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Front. Microbiol. | doi: 10.3389/fmicb.2018.02803

Nematodes and Microorganisms Interactively Stimulate Soil Organic Carbon Turnover in the Macroaggregates

 Yuji Jiang1,  Hu Zhou1, Lijun Chen1, 2, Huan Fang1, 2, Lu Luan1, 2, Yan Chen1, Xiaoyue Wang1,  Manqiang Liu3, Huixin Li3,  Xinhua Peng1 and  Bo Sun1*
  • 1State Key Laboratory of Soil and Sustainable Agriculture, Institute of Soil Science, Chinese Academy of Sciences, China
  • 2University of Chinese Academy of Sciences (UCAS), China
  • 3College of Resources and Environmental Sciences, Nanjing Agricultural University, China

The intra-aggregate architecture of soil macroaggregates provides suitable microhabitats for nematodes to graze on microorganisms. However, it is not fully disentangled how nematodes and microbial communities interactively mediate soil organic carbon (SOC) turnover. Here, we aimed to illustrate the relationships between nematodes, microbial community, and SOC turnover in the macroaggregates of a red soil receiving long-term manure application. Soil macroaggregates (> 2 mm) were sampled from an 11-year field experiment including four manure treatments: no manure (M0), low manure rate (M1), high manure rate (M2), and high manure rate with lime (M3). The abundances of nematodes and microbial communities were substantially increased under manure treatments. Bacterivores dominated under the M2 and M3 treatments, while plant parasites were enriched under the M1 treatment. Phospholipid fatty acid analysis indicated that the ratio of bacteria to fungi significantly increased but the ratio of Gram-positive bacteria to Gram-negative bacteria declined with the increasing manure addition. Random forest modelling showed that soil porosity had a primary effect on the nematode assemblages, while pH and SOC contributed profoundly to the microbial community structure and carbon metabolic capacity. Structural equation modelling suggested that nematode grazing promoted carbon metabolic activities predominantly due to increased microbial biomass. Taken together, the mechanistic understanding of nematode-microorganism interactions may have important implications for improving soil fertility by nematode-mediated microbial processes.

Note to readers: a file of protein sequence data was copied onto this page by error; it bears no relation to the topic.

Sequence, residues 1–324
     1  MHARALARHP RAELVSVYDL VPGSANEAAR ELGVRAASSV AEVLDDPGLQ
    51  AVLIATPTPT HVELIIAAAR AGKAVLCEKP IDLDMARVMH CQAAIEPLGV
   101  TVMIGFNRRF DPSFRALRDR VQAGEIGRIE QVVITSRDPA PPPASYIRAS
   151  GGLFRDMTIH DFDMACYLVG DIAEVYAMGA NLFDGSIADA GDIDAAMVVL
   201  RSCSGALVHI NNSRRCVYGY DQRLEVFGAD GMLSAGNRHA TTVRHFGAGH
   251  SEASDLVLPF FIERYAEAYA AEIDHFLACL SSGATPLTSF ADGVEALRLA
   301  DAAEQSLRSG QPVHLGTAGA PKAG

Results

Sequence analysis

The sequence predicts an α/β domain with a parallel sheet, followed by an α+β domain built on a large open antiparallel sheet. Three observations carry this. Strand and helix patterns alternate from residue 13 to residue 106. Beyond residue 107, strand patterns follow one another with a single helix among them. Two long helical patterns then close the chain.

Keywords: Nematode assemblages, microbial community, Porosity, nutrient availability, carbon metabolic activities, Soil organic carbon turnover, Soil macroaggregates

Received: 31 Aug 2018; Accepted: 31 Oct 2018.

Edited by:

Stefan Geisen, Netherlands Institute of Ecology (NIOO-KNAW), Netherlands

Reviewed by:

Ye Deng, Research Center for Eco-environmental Sciences (CAS), China
Rutger A. Wilschut, Netherlands Institute of Ecology (NIOO-KNAW), Netherlands  

Copyright: © 2018 Jiang, Zhou, Chen, Fang, Luan, Chen, Wang, Liu, Li, Peng and Sun. This is an open-access article distributed under the terms of the Creative Commons Attribution License (CC BY). The use, distribution or reproduction in other forums is permitted, provided the original author(s) and the copyright owner(s) are credited and that the original publication in this journal is cited, in accordance with accepted academic practice. No use, distribution or reproduction is permitted which does not comply with these terms.

* Correspondence: Prof. Bo Sun, State Key Laboratory of Soil and Sustainable Agriculture, Institute of Soil Science, Chinese Academy of Sciences, Nanjing, 210008, Jiangsu Province, China, bsun@issas.ac.cn